April 13, 2024

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As Jean Paul Gaultier’s Theatrical Production ‘Fashion Freak Show’ Rolls Into Milan and Barcelona, He Reflects on His Career

15 min read

Back in the late ’80s, it was suggested to Jean Paul Gaultier that he capitalize on his soaring international fame and launch a perfume.

“I prefer to make a record,” was his retort — and the backstory to his quirky, 1989 electro-pop album “How to Do That,” which introduced a new audience to his corsetry, cage-like tailoring, dresses with conical breasts — and his very strong French accent. (The album cover featured the phonetic spelling “Aow Tou Dou Zat.”)

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“It was not that I was against it, but I found it very cliche: ‘OK, you are doing a collection, and after you should do a perfume, and then maybe cosmetics,” he relates in an interview, letting out a yelp of laughter after delivering the punchline: “I can’t say that the record brought me as much money as perfume has, but it was an experience.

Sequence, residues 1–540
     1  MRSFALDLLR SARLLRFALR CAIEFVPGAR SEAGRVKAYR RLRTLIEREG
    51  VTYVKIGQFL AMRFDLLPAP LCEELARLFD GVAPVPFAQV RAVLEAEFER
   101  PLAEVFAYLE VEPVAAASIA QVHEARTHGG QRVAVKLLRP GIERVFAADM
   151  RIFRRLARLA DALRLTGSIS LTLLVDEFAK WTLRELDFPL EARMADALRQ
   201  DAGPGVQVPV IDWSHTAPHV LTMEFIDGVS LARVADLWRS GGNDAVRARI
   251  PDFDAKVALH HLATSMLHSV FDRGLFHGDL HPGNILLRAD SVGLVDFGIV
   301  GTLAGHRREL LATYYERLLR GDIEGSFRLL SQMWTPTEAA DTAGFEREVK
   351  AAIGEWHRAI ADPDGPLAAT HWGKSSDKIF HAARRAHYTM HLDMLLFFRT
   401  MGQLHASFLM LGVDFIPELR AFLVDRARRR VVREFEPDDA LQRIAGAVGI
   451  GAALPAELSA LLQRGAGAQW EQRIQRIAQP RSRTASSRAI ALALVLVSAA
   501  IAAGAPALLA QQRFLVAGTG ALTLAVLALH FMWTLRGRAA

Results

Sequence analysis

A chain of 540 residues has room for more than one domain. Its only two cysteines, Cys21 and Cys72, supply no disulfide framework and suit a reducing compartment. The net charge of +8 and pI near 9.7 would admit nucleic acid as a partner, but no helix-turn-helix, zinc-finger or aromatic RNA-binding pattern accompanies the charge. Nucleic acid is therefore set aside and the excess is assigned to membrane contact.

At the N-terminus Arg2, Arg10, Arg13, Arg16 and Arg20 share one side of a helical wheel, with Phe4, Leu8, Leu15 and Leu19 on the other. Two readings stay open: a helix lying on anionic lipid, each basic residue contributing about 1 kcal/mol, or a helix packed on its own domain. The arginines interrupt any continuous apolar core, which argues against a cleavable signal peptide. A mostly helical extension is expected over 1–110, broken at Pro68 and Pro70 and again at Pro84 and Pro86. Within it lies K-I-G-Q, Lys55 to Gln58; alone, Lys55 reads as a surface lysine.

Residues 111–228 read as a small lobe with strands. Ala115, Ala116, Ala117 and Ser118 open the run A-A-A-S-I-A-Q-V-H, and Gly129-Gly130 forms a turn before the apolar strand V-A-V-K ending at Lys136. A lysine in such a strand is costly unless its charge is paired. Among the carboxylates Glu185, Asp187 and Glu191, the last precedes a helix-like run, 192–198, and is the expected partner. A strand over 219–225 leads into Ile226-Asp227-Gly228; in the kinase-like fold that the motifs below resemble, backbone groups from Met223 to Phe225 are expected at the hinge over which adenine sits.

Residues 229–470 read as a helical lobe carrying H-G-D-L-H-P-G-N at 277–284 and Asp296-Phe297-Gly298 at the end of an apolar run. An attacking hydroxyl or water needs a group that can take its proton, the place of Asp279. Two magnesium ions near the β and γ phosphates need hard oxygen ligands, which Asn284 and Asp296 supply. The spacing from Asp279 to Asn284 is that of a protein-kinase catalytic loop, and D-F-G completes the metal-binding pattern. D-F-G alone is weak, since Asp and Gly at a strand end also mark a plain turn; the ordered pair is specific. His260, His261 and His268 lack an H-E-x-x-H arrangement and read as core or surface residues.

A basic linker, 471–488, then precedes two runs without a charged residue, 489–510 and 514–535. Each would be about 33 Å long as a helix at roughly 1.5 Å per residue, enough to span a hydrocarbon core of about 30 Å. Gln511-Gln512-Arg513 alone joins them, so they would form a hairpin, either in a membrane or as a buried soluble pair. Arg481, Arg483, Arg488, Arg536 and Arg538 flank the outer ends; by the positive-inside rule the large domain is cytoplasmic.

“It was supposed to make the top 50, but I only made it to No. 53,” he says about the record, laughing anew at his dalliance as a recording artist.

As exuberant today at age 71 as he was in the “How to Do That” music video, Gaultier admits his fashion house developed in an unconventional, and sometimes even “chaotic” way. Contrary to most heritage players in France, he started with ready-to-wear, added couture much later, relied heavily on licenses, and started opening boutiques almost as a last step.

He doesn’t regret any of it.

“I was never a designer with a business vision, and I never had the ambition to become a master of the universe,” he says matter-of-factly, describing fashion design as a beloved game he has never tired of playing. “I never start any project with a goal, other than ‘I would love to that.’ To enjoy doing it is the most important thing.”